UPDATE: On Friday, June 25, 2021, former Minneapolis police officer Derek Chauvin was sentenced to 270 months, or 22.5 years, in prison for the murder of George Floyd by Judge Peter Cahill, with a credit for 199 days of time served.
Cahill said he has included a 22-page memo with Chauvin's sentence that contains his legal analysis.
Following sentencing, Cahill says Chauvin cannot possess a firearm for the rest of his life and he must register as a "predatory offender."
Prior to the sentencing, Cahill denied Chauvin's motion for a new trial.
PREVIOUS REPORT: The jury issued a verdict in the trial of former Minneapolis police officer Derek Chauvin April 20, convicting him of two counts of murder and one count of manslaughter for the 2020 killing of George Floyd.
Following the reading of the verdict, viewer Travis K. asked if the conviction could be overturned because of pressure on the jury.
Can Chauvin appeal his conviction?
Minnesota Rules of Criminal Procedure, appeals rules beginning on page 152
Lee Hutton, national trial attorney and adjunct professor at University of Minnesota Law School
Ted Sampsell-Jones, professor at Mitchell Hamline School of Law in Minnesota
Rachel Moran, law professor at the University of St. Thomas School of Law in Minneapolis
Derek Chauvin can and most likely will appeal his conviction; however, that doesn’t mean he will win the appeal.
WHAT WE FOUND
Chauvin has 90 days following the date of his conviction to appeal the decision, according to Minnesota rules. An appeal would not automatically grant him release from his incarceration. His defense would argue its appeal to a panel of three judges, and the judges must issue a decision within 90 days of hearing his arguments, a Minnesota Courts webpage says.
Chauvin could ask for a range of remedies in his appeal, including complete acquittal, a lesser sentence or a mistrial. That last one is what legal experts think he will request.
“The biggest argument will just be that he was denied his constitutional right to an impartial jury,” said Ted Sampsell-Jones, a law professor at Mitchell Hamline School of Law in Minnesota.
The jury was partially sequestered during the trial, which means the jurors were supervised within the courthouse but allowed to go home at night. Judge Peter Cahill told them to avoid the news during the course of the trial, but various news announcements during the trial could be used in arguments that the jury was prejudiced.
During the jury selection process, Minneapolis announced a $27 million settlement with George Floyd’s family and a couple of jurors were dismissed because the announcement affected their ability to be impartial. During the trial, Daunte Wright was shot and killed by a police officer in a Minneapolis suburb and protests in the area followed. And days before deliberation began and the jury entered full sequestration, Representative Maxine Waters said protesters should “get more confrontational” if Chauvin wasn’t found guilty on all three charges.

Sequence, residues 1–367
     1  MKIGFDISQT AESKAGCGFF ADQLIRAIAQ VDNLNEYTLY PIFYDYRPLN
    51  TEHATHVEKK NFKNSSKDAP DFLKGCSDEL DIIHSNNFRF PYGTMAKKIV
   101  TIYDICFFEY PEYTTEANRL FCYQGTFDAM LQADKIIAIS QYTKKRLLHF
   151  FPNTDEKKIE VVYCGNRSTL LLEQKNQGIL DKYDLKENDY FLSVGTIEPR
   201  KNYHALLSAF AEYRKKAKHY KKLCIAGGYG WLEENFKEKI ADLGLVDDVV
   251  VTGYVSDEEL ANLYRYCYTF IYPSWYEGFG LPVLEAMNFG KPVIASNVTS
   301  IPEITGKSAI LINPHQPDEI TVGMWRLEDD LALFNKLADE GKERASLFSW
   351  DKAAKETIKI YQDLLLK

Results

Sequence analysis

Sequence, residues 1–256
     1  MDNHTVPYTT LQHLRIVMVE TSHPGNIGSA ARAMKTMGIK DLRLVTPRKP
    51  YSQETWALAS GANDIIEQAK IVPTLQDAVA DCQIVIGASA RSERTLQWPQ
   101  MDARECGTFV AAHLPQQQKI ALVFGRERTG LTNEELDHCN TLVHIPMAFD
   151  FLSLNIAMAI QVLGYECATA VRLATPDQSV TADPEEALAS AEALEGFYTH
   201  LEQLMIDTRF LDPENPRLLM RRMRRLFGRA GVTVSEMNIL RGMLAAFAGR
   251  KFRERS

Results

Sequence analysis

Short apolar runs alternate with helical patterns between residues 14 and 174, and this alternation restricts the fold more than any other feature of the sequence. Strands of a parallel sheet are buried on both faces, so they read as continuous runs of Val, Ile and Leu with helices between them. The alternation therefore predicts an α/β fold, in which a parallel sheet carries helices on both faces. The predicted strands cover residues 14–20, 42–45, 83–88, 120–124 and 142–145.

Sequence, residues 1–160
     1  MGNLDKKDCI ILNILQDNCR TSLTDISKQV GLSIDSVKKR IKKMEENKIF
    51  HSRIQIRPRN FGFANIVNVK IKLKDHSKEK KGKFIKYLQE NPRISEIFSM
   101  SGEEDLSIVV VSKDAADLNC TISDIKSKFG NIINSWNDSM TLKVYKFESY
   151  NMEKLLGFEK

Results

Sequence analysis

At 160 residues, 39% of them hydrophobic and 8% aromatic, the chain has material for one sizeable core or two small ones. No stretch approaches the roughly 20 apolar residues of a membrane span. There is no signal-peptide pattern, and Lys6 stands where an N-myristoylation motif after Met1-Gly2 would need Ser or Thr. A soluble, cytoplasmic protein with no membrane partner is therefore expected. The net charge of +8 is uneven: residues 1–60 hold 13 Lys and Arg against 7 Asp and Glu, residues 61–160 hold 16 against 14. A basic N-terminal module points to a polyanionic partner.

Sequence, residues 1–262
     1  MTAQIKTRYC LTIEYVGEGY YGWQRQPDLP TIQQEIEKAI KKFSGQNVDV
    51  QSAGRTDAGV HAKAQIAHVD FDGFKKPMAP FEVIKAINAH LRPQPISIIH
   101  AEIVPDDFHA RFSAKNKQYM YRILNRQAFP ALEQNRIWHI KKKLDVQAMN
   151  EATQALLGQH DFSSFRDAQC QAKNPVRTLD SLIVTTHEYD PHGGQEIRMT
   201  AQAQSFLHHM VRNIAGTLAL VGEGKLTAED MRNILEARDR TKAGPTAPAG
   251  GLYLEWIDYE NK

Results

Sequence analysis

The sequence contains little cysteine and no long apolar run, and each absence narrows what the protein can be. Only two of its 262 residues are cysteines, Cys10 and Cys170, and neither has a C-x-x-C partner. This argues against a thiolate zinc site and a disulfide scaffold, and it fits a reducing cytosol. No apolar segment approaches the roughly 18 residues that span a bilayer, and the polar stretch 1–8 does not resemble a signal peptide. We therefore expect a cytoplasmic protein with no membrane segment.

The defense requested a mistrial in response to Waters’ comments. While Judge Cahill denied the request, he did mention that the comment could be grounds for an appeal.
“I’ll give you Congresswoman Waters may have given you something on appeal that may result in this whole trial being overturned,” Cahill said.
“It's very unlikely that's going to result in an actually successful appeal,” Sampsell-Jones said of Waters’ comment, adding that he believes Judge Cahill simply made an “offhand remark.”
Rachel Moran, a law professor at University of St. Thomas School of Law in Minneapolis and a former appellate attorney, explained why it’s unlikely that would be enough to win an appeal.
“You would need evidence from a juror or jurors that they heard the statement and that it impacted their decision,” Moran said. “Without evidence that it impacted the jury's verdict, you're kind of just shouting into the void.”
National trial attorney and University of Minnesota Law School adjunct professor Lee Hutton said that could change if a juror speaks publicly and indicates something off-limits came up during deliberation or swayed their verdict.
“If a juror says, ‘hey, without a doubt, I was going to find him guilty,’ that could possibly lend the defense an opportunity to declare a mistrial.”
But none of the experts believed the odds were high of that happening and Chauvin winning an appeal. Hutton said, “I would be very surprised if the Court of Appeals disturbs the verdict.” Moran said, “I don't see it being likely.” And Sampsell-Jones concluded, “he's got valid, non-frivolous claims to appeal. But that's very different from saying that he's going to win.”
According to the non-profit Post Conviction Project, 90% of appeals in the United States are denied.
“The Court of Appeals is very hesitant to disturb the finding of a jury,” Hutton said.
If Chauvin is denied by the Court of Appeals, he could appeal further to the Minnesota Supreme Court. But the Minnesota Supreme Court does not have to hear the case, and often doesn’t. The Minnesota Courts website says the Minnesota Court of Appeals decides the final ruling in about 95% of appealed cases annually, and just five percent of appealed cases are heard by the state’s supreme court.
More from VERIFY: What's next for the sentencing of Derek Chauvin
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